From timeless icons to everyday essentials, Crucial Cars examines the vehicles we can’t live without.
For this installment, Gearhead’s Garage puts the spotlight on AMC’s entry in the Pony Car wars, the Javelin AMX
Largely overshadowed by the Chevrolet Camaro, Pontiac Firebird and Ford Mustang, (and to a lesser degree the Dodge Challenger and Plymouth Barracuda), the AMC Javelin AMX was akin to RC cola battling Coke and Pepsi. That doesn’t mean it was a bad choice in the Pony car segment (so-called because the Mustang is credited with starting this sporty segment back in 1964). Far from it, the Javelin AMX was just a different flavor. And plenty of performance enthusiasts found it downright sweet.
Note that we are talking about the four-passenger Javelin AMX here that was produced from 1971-1974, not the two-passenger version that was based on a shortened Javelin body/platform, just called the AMC AMX and produced from 1968-1970. Certainly the earlier version was cool in its own right, being the only American car of that time other than the Corvette to seat just two, but its appeal was limited and AMC made the decision to continue it after 1970 with the Javelin body and its backseat fully intact.
Cue it up
As it was now the top performance version of AMC’s Javelin, the 1971 AMX shared its styling. This meant the Javelin’s Corvette-like front fender curves, long hood and semi-fastback roofline were key styling cues, as was the full-width taillight panel. Marking it as the top dog in the AMC kennel were a mesh grille, a rear spoiler and a few options, such as a cowl induction hood and a big “T” stripe for the hood, that were not available on the standard Javelin. Inside the AMX, bucket seats and a console were standard and the dash curved around the driver. Along with that cockpit feel, the dash and door panels featured a metallic “engine turned” appliqué which further enhanced the AMX’s decidedly sporty vibe.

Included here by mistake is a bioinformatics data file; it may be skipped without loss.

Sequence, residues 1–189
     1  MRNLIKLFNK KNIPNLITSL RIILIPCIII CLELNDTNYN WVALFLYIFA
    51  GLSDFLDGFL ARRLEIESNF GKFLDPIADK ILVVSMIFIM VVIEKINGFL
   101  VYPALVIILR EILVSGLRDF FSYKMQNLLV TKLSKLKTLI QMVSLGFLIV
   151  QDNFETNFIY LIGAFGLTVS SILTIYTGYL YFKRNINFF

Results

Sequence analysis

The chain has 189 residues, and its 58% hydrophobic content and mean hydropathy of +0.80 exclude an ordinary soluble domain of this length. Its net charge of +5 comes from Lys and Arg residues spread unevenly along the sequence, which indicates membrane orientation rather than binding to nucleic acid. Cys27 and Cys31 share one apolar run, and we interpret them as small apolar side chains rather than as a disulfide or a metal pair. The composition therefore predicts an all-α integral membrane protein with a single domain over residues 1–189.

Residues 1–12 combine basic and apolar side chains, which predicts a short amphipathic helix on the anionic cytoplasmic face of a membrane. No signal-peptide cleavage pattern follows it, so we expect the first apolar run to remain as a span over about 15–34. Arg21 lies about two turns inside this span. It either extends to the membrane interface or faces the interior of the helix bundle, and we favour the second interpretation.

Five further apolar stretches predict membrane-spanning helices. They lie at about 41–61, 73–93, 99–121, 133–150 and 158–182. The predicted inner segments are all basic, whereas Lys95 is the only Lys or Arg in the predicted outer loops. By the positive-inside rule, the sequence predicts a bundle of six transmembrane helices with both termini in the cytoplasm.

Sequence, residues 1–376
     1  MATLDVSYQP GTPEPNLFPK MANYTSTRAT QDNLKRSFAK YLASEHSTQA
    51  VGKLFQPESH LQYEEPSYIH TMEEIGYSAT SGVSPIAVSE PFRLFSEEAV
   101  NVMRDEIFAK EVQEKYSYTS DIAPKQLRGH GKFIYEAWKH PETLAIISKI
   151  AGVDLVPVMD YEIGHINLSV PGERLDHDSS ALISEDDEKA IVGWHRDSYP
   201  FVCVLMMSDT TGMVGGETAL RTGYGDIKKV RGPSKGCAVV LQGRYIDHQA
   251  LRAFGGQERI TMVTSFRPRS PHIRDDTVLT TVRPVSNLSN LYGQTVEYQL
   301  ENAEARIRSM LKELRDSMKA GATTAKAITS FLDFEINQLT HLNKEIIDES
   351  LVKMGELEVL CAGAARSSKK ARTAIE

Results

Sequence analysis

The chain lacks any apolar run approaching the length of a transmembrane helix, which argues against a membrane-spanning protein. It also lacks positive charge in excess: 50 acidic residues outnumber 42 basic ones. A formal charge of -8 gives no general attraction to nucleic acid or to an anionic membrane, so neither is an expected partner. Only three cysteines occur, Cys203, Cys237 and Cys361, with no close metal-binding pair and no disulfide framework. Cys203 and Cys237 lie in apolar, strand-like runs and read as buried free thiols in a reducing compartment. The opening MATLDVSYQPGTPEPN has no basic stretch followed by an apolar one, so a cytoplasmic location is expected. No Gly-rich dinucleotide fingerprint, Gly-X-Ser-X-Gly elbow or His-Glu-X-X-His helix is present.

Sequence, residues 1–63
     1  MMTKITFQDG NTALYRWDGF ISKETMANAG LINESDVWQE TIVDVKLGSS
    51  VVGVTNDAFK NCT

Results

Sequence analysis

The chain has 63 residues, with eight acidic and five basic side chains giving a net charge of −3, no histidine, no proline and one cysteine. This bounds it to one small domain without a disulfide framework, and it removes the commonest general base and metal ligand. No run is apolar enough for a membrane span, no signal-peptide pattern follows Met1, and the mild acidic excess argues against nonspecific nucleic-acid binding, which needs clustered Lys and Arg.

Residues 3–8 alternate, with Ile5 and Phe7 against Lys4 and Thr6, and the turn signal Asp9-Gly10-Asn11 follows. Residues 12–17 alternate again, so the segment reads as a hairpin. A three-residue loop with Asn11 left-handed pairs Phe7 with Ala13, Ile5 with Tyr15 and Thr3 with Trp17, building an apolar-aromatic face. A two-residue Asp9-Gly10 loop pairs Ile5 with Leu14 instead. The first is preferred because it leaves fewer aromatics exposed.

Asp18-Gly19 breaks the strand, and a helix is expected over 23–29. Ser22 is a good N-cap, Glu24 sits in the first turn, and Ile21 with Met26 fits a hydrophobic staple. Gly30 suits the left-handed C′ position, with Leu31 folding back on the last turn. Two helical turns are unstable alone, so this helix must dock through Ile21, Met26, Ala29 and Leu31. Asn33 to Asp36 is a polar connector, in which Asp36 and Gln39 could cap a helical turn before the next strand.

Extra performance for the AMX
With an overall length of 191.8 inches, the Javelin was about two inches longer than a ’71 Mustang and about four inches longer than a ’71 Camaro. Under the hood, a 360 cubic-inch, two-barrel V8 with 245 horsepower was standard, and could be hooked up to either a three-speed automatic or three-speed manual gearbox. Most buyers stepped up to either the 360 4-barrel (285 hp) or 401 4-barrel (330 hp) V8, either of which could have the automatic or a four-speed manual. Any guesses as to which powertrain we’d go with? The optional “Go” package included either the 360-4 barrel or 401-4 barrel V8 along with dual exhausts, the “twin grip” rear differential, the cowl induction hood with the T stripe, 15-inch (rather than 14-inch) wheels, a firmer suspension and a Rally gauge package.
As you were
For 1972, there were just a few changes to note for AMC’s sporty coupe. A smaller, 304 cubic-inch V8 was the standard engine, with both 360s and the 401 optional. As with other American cars, engine output ratings changed from “Gross” to “Net”. The previous Gross ratings were measured with the engine itself running on a stand, as opposed to the more realistic Net ratings which measured its output with accessory pulleys, exhaust and transmission all installed.
Yes, the ’72 engines lost a little power due to drops in compression that allowed them to meet tougher emissions standards and run on lower octane gas, but they didn’t lose nearly as much as simply comparing gross to net numbers might falsely indicate. That said, the 304 made 150 hp, the 360 2 barrel V8 was now rated at 175 hp, the 360 4 barrel with dual exhaust made 220 hp, and the big dog 401 was rated at 255 hp.
As the mid-’70s approached, luxury started to replace performance as a big selling point. For 1973, AMC offered an optional Cardin (yes, Pierre Cardin, the clothes designer) interior package for the Javelin and it could even be had on the AMX. Fully embracing the outlandish ’70s, the Cardin package featured black upholstery sporting wide stripes of white, orange and fuchsia running rampant over the seats, door panels and even the headliner. Visually, the only notable external change was the taillights going from the previous full width strip design to four semi-squared off units. Fortunately, for those who actually wanted performance more than plush trimmings, you could still specify an AMX with the 360 or 401 Go package and a Hurst-shifted four-speed.
The following year, 1974, would be the Javelin’s — and hence the Javelin AMX’s – last. Other than the Cardin package disappearing from the options roster, nothing changed for ’74.
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